Apr 24, 2014

    Market to blame for privatisation grumbles

    THE local market has been gripped by takeover/privatisation fever in recent days, with announcements on a flurry of these exercises.

    UIC kicked things off with its offer for Singapore Land, then CapitaLand grabbed the headlines with its plan to buy out all of CapitaMalls Asia (CMA), while a private consortium headed by Hotel Properties (HPL) boss Ong Beng Seng tabled a takeover of HPL that could eventually lead to it being delisted.

    This, in turn, has sparked off a search for the next big privatisation play and driven the local market higher, as if this was something to be celebrated and trumpeted.

    Truth be told, it isn't.

    On the contrary, it is a damning indictment of a market aspiring to be a major gateway for global finance that good-quality companies are being persistently mispriced by a supposedly efficient market.

    It isn't really efficient by any stretch, but let's pretend for argument's sake that it is. But once the delistings are done and dusted, a void will appear that will take years to fill.

    The main victims of the market's mispricing are minority shareholders. In almost all cases - those past and present - there is unhappiness at "low" offer prices.

    In the case of the present crop of takeovers, which are primarily property plays for which asset/book values are generally used as valuation benchmarks, one complaint is that the discount to asset values is simply too large to be considered fair.

    Another related complaint is that if there is a multiple of book value offered - as is the case with CMA (more on this later) - it isn't large enough.

    While sympathies must lie with shareholders whose entry prices are higher than the offer price, it is a fact of commercial life that some will win and some will lose. Those who bought in the most recent months prior to offers being made would be the biggest winners; those who bought years earlier when the market price was higher could feel aggrieved.

    Offerors, however, are not in the game of making everyone happy, and will always try for the lowest price they can secure.

    This can often mean not offering full value. Instead, their game plan is to put forth a price that is just sufficiently higher than the prevailing market to hopefully entice majority acceptance, but is low enough to allow for a margin to be made after full ownership is achieved.

    In other words, it is a careful balancing act that involves straddling the market on the one hand, and other valuation benchmarks on the other.

    In the case of CapitaLand/CMA, for example, the $2.22 that CapitaLand is offering is the highest in about 15 months, even though it is only 1.2x CMA's $1.87 book value per share. The latter, it has been argued, is too low since, when CMA listed some 31/2 years ago, it was priced at 1.55x book value.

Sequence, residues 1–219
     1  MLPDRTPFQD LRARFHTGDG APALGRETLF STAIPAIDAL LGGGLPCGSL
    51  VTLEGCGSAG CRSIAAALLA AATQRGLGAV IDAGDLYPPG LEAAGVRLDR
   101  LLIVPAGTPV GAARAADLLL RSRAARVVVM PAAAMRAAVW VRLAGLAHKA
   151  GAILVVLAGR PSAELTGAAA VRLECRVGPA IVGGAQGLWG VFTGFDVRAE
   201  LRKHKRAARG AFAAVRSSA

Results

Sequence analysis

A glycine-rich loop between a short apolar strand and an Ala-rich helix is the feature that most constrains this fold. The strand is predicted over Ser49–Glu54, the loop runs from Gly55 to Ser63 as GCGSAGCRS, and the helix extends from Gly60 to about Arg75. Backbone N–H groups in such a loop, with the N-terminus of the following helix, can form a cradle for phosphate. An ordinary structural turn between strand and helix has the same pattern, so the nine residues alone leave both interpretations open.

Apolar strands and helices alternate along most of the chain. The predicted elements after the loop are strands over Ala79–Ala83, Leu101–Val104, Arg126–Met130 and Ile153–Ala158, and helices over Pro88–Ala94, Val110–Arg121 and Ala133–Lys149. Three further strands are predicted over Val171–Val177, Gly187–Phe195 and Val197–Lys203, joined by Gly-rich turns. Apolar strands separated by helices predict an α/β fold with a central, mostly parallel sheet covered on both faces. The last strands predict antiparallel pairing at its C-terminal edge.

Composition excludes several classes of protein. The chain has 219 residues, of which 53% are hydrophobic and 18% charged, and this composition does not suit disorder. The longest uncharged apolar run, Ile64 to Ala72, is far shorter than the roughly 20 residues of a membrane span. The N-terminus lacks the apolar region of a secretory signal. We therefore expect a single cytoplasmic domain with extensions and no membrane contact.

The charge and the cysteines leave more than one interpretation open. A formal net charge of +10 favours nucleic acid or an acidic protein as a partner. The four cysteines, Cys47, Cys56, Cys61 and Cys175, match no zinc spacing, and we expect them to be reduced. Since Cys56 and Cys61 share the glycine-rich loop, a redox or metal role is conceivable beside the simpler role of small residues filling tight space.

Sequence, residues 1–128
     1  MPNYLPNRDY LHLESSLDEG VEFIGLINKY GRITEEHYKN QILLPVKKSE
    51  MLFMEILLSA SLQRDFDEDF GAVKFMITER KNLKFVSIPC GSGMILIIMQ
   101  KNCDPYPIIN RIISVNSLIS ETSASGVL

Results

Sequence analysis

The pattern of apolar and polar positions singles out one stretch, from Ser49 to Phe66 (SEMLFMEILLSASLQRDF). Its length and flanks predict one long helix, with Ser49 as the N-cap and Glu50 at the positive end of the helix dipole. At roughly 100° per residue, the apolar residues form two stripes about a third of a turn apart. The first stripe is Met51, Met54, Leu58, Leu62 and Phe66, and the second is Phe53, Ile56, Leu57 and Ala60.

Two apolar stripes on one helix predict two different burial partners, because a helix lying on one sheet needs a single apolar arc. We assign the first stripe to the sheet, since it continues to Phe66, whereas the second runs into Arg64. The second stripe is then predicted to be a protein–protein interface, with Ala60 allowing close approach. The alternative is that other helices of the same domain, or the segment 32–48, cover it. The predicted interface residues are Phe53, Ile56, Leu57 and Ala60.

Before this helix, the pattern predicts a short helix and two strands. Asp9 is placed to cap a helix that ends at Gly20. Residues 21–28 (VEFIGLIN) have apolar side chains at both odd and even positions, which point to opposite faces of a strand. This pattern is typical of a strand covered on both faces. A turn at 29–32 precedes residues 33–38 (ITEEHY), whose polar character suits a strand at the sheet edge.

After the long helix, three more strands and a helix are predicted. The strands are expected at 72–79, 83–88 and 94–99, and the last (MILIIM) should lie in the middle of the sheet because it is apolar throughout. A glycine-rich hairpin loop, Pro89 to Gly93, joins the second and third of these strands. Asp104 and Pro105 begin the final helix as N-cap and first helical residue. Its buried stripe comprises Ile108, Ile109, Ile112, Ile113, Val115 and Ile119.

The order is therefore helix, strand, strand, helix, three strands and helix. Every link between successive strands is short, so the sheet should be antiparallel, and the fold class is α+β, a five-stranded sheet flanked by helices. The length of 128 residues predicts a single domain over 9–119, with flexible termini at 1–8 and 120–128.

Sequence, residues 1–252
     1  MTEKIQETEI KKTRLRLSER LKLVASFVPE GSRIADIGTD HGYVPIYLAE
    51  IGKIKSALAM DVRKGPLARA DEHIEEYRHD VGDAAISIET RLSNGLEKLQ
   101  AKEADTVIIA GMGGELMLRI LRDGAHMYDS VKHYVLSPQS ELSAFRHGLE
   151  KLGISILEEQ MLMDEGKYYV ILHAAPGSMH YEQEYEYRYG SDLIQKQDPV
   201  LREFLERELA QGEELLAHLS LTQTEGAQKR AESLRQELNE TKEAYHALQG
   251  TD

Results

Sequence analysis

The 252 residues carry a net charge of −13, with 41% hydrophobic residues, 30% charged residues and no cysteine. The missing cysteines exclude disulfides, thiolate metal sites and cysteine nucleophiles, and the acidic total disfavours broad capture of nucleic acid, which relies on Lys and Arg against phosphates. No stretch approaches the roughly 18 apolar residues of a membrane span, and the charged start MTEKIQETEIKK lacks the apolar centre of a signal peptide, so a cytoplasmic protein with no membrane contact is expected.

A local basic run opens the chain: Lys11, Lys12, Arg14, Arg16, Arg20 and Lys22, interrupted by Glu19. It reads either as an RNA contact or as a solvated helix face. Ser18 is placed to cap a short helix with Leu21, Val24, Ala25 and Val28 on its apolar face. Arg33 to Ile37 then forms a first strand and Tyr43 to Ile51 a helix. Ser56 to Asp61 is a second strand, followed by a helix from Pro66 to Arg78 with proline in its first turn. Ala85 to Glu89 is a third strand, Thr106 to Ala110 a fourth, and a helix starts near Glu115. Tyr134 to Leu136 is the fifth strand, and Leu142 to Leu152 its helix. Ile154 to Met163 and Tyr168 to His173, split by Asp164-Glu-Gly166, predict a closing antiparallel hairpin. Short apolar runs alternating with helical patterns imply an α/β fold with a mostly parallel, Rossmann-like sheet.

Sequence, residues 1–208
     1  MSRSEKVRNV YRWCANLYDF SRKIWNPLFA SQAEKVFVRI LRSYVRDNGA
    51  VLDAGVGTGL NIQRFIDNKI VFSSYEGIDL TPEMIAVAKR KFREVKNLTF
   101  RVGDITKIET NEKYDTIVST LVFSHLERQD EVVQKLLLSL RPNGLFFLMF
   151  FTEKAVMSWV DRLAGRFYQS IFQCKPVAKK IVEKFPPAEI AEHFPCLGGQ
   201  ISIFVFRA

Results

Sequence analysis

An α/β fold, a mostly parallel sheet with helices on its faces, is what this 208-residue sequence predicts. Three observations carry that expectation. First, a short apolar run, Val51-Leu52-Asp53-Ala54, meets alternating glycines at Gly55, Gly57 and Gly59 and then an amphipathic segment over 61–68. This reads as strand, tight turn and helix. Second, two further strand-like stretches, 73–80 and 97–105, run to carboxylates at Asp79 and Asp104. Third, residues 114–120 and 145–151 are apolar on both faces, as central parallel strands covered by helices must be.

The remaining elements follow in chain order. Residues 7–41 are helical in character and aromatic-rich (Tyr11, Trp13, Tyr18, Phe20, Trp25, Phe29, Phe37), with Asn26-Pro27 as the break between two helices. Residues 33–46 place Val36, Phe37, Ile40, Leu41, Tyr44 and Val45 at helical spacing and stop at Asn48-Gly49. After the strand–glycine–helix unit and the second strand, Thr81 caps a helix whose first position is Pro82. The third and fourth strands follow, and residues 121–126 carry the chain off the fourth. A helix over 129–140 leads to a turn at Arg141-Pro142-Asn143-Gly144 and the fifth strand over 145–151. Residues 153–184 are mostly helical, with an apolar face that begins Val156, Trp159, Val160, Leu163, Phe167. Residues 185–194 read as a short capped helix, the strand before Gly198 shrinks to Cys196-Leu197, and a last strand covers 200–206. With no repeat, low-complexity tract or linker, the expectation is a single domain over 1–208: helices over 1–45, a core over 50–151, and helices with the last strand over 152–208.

This is true, but it is also correct to say that CMA has languished for many more days at below $2.22 since it was listed than above it, which suggests that shareholders have had to put up with years of undervaluation. In fact, the stock has traded above $2.22 only once in the last three years.

    Also, the $2.22 is a premium of 27 per cent over the prevailing market, which is much better than the 15.6 per cent offered to HPL shareholders, the 17 per cent offered for Global Premium Hotels and the 16.9 per cent for SingLand.

    Seen in this context, it means the CMA offer is decent, given existing circumstances. Not earth-shatteringly generous, mind you, but decent.

    Whether shareholders accept remains to be seen, but the point is that CMA and all the others before it illustrate the harsh reality that, sometimes, market prices will not necessarily reflect economic or perceived realities.

    Minority shareholders might think that an efficient market should recognise value when it sees it, but this is not always the case. If you look hard enough, it's even possible to find companies trading below their cash values, never mind asset values.

    This has been a perennial problem with all markets, but possibly one that has been accentuated over the past year in Singapore, with international investors shunning emerging markets in the wake of the United States Federal Reserve's tapering of its monetary stimulus.

    Ultimately, shareholders of offeree companies have to ask themselves if they should wait for the market to "correctly" price their shares - in which case it could take years because of perennial market failure - or take what's on the table now.